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Today it Rained
Stump’s Travel Log — Edición de agua
About all that needs to be said about today’s hike was that it rained. If you want to read more, you can. But you really don’t need to. It rained.
There’s some kind of big tropical storm off the coast of Spain to the west, and I think it’s sending its effects back here (that’s my considered meteorological opinion). The forecast for the next few days looks pretty grim for us hikers. Thankfully, I had built in a day of rest tomorrow, and so I can ride out at least one day of the muchias lluvia indoors.
When I reached my place tonight — called a “pension” which is kind of half-way between a hostel and a hotel — I was soaked to the bone. My backpack stayed dry, as Osprey knows how to build these. But the rest of me was very wet. I was pruned in most places. It’s kind of ironic that the first thing I wanted to do was take a shower. But the warm water felt so good.
My path today was only 8 miles — the shortest day I have had so far. But it was not a good day for rain, as a lot of the trails were some kind of clay which turns pretty slippery when wet. In the guidebook for today, it said a lot of the trail followed along streams; it didn’t say that your path itself turns into a stream when it rains!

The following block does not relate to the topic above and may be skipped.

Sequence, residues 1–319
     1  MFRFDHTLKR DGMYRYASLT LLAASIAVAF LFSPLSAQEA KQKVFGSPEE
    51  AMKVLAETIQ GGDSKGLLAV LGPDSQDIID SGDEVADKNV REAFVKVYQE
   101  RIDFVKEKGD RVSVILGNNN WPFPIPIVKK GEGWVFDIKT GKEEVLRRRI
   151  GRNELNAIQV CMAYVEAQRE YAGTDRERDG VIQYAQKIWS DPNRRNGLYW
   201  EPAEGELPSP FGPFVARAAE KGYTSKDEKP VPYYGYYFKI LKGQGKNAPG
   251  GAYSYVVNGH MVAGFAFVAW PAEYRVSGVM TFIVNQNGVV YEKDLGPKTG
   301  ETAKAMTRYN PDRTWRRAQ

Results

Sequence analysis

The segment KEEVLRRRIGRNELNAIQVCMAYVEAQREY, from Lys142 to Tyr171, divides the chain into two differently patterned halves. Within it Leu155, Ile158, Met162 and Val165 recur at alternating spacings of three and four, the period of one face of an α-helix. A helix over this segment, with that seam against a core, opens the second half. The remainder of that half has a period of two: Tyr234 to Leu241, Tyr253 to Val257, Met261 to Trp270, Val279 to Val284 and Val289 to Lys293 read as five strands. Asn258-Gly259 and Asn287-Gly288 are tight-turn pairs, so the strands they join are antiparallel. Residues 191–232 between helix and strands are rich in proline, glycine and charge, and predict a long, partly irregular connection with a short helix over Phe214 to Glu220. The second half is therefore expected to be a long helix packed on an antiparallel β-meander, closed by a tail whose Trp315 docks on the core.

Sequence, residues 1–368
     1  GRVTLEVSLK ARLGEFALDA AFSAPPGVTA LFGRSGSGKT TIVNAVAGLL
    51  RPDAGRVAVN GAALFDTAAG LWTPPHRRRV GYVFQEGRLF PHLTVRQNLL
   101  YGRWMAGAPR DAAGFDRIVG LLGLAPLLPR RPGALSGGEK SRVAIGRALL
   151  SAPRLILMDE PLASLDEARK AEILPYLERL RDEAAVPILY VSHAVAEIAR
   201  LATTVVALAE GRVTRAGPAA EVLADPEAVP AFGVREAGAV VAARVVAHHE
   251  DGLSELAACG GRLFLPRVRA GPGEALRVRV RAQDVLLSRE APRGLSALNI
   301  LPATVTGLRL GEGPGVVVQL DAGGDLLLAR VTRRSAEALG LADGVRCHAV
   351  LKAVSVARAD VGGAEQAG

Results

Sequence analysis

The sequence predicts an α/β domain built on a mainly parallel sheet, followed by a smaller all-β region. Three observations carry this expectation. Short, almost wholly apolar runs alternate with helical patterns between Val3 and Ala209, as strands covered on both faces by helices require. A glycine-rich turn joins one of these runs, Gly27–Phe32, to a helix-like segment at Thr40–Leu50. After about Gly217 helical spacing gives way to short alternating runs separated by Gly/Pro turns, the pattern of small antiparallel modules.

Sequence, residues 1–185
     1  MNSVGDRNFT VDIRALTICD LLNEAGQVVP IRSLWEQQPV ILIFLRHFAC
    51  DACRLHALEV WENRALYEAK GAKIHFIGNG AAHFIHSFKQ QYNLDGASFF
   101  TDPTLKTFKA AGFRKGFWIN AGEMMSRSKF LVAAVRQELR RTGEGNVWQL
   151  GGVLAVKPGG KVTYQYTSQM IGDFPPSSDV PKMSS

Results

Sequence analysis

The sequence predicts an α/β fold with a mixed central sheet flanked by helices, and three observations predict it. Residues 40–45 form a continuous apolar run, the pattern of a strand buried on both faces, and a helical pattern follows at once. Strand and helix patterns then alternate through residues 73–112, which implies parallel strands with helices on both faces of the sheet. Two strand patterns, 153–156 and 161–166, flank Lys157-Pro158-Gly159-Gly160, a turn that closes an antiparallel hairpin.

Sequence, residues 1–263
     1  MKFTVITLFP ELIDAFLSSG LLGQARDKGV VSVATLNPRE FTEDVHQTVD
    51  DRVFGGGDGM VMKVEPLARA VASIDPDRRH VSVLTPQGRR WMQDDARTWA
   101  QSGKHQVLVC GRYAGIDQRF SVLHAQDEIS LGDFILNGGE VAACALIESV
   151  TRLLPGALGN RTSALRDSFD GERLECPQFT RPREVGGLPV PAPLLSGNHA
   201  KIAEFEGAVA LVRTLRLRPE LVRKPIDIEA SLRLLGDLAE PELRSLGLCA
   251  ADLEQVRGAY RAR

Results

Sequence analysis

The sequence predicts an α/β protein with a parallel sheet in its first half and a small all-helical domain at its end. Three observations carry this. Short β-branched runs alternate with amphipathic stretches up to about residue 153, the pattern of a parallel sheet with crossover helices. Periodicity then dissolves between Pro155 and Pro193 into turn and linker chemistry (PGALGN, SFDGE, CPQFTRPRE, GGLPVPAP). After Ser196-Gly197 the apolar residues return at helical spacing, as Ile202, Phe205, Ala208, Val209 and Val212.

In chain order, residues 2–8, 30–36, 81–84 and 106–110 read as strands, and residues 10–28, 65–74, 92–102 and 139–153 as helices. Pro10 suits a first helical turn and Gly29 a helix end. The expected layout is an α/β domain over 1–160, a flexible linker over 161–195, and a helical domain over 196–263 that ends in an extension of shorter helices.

Speaking of water, none of the guidebooks and websites I’ve read about hiking the Camino tell you that in preparation for your trip, you need to not just build up your legs and backpack-carrying muscles, but you also need to build up your grip strength. I’m not sure why they don’t say this, because it is one of the essential capacities you need for a trip like this. That’s because you have to wring out your clothes about every night. Not just when it rains like today, but to keep your backpack at a manageable weight, you bring as little as you can. So you hike, then you wash out that day’s clothes in the sink. And if you can’t wring out the water from them to a really significant degree (I’m not sure how that’s measured), they will still be wet in the morning. So you’ve really got to wring!
I’m writing this at about 7:30pm, waiting around for someone to serve dinner. Last night I thought I’d beat the evening rush and went to a place that was open at 7:15pm. I was still the only one in the restaurant when I left at 8:00pm. No one else had even come yet. Tonight I checked a couple of places that feature the “menu del dia” for pilgrims like me. They don’t even begin serving until 8:30pm. I kind of like a late dinner, but this seems a little excessive!
The town I’m in is called Deba. It’s a cute little beach village, and there is some kind of festival going on. Everyone is dressed up in olde timey costumes — even the junior high aged boys, who would normally be too cool for that sort of thing. I asked someone about it, and he told me that it is a Basque festival that is like the last big celebration before winter sets in.
Yikes! I’m hoping that doesn’t mean the rain will turn to snow for the rest of my trip!